AUSTIN — A federal shutdown arching over Texas and the rest of the nation since Oct. 1 resulted in the temporary closure of many facilities and the furloughing of millions of employees.
On Oct. 16, the shutdown ended when both houses of Congress adopted a continuing appropriations act that does three things: increases the nation’s debt limit, allows the treasury to pay bills and returns the federal government to full operations, at least until mid-January.
John Cornyn, Texas’ senior senator, and freshman Sen. Ted Cruz, both Republicans, voted against the act. Cruz headed contingencies in both houses to defund the federal health care law (“Obamacare”) in exchange for compromises on the federal budget. Those efforts resulted in the shutdown. As for the Lone Star State’s 36 U.S. House members, all 12 Democrats voted in favor of the compromise and all 24 Republicans voted against it.
Lawmakers and the executive branch generally have indicated their willingness to work toward timely solutions to the nation’s financial issues in over the next three months in order to avoid the next fiscal cliff. Democrats and a contingency of Republicans, while in a compromising mood, continue to wrestle over “Obamacare” and how its cost dynamics affect other areas of the federal budget in the long term.
Perrys take overseas trip
For economic development purposes, Gov. Rick Perry and First Lady Anita Perry left Texas on Oct. 15 bound for London and Jerusalem. The couple’s scheduled return is Oct. 25. No tax dollars would be used for travel and accommodations on the trip, the governor’s office said.
Court to hear Texas cases
The U.S. Supreme Court agreed on Oct. 15 to hear six cases to determine if the U.S. Environmental Protection Administration exceeded its authority to regulate greenhouse gases from stationary sources, the Texas Railroad Commission reported.
Railroad Commission Chairman Barry Smitherman expressed hope that the court would put a damper on EPA rules governing carbon dioxide emissions from power plants, factories and motor vehicles.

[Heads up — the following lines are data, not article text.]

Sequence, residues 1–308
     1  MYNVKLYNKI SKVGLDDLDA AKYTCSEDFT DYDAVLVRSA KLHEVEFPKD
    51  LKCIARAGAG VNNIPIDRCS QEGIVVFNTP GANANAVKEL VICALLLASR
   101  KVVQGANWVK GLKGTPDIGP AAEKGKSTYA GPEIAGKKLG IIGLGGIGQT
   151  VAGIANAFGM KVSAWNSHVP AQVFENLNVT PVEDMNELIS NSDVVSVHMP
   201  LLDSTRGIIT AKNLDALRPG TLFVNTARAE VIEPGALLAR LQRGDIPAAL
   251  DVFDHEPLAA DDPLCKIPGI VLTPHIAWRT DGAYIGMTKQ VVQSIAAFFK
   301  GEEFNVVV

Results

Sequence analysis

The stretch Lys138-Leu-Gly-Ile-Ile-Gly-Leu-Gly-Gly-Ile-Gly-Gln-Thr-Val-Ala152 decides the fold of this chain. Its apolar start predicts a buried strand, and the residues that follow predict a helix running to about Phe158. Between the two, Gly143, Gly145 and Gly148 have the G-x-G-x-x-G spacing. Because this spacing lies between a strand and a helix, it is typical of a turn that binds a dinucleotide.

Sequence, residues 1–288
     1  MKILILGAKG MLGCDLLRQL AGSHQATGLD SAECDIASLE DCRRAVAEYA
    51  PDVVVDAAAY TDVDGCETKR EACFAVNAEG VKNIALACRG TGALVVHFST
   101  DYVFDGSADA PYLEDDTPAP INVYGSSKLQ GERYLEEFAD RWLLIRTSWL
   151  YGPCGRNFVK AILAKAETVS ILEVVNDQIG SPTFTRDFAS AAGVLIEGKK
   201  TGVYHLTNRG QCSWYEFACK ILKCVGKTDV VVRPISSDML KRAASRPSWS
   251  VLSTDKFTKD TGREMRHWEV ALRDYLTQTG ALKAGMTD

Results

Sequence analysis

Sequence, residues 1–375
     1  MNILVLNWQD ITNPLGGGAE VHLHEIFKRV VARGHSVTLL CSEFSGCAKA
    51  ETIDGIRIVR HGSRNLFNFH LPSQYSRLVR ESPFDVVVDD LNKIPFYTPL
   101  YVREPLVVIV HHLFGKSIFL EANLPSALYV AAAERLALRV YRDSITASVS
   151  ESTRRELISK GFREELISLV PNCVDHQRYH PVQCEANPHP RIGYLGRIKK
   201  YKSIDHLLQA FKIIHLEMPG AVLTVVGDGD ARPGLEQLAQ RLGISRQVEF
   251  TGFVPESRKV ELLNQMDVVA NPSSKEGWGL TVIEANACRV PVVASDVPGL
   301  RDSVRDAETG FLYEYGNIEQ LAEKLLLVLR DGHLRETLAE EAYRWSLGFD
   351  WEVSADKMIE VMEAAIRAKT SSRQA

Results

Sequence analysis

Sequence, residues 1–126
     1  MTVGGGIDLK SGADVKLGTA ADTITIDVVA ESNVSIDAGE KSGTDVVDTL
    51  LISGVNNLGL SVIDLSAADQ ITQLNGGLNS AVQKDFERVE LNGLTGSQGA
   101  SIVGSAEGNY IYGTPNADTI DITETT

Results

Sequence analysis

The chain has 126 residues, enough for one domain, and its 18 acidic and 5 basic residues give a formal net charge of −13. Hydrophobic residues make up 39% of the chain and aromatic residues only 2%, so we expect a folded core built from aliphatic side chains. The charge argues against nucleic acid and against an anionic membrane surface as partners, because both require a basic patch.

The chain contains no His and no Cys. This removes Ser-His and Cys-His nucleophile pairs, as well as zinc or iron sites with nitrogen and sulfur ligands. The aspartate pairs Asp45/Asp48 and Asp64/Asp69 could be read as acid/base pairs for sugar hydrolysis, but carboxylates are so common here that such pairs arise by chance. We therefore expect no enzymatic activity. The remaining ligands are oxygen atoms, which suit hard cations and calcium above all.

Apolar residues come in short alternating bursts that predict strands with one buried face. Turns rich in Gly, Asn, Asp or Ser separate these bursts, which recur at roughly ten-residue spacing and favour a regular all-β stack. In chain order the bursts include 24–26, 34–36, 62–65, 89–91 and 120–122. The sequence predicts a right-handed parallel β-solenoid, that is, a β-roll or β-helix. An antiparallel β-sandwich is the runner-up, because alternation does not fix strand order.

Students say no to drugs
More than 1,000 Texas fifth-grade students donned mustaches and pledged to remain drug free at the 16th annual Red Ribbon Rally Thursday at the State Capitol on Oct. 17.
The children raised this chant to their peers: “I mustache (must ask) you not to do drugs!”
Red Ribbon Week began as a grassroots movement to honor the memory of Enrique “Kiki” Camarena, a federal Drug Enforcement Administration agent who was kidnapped, tortured, and killed by drug dealers in Mexico in 1985, organizers said.
Bus awareness starts now
Texas Department of Public Safety is urging drivers to obey state law by not passing any school bus that is stopped and operating a visual signal, either flashing red lights or a stop sign.
Highway Patrol troopers are enhancing their efforts to catch those drivers who break the law as part of National School Bus Safety Week, Oct. 21-25,
“The moment when students are entering or exiting the bus is one of the most dangerous times of a student’s trip; and drivers who pass a stopped school bus create a potentially deadly situation,” said DPS Director Steven McCraw. “The safety of Texas children is paramount, and DPS will not tolerate those who break the law and put our children at risk.”
Early voting period begins
Secretary of State John Steen, the state’s chief elections officer, announced early voting for the Nov. 5, 2013, Constitutional Amendment election begins Monday, Oct. 21, and runs through Friday, Nov. 1.
Texas voters may vote at any early voting location in the same county as their voter registration.
This will be the first statewide election with photo ID requirement in effect for in-person voting.
“I encourage all Texans to check now to make sure they have the required photo ID if they plan to vote in person,” said Steen. To find out where and when to vote, and about photo ID, visit VoteTexas.gov.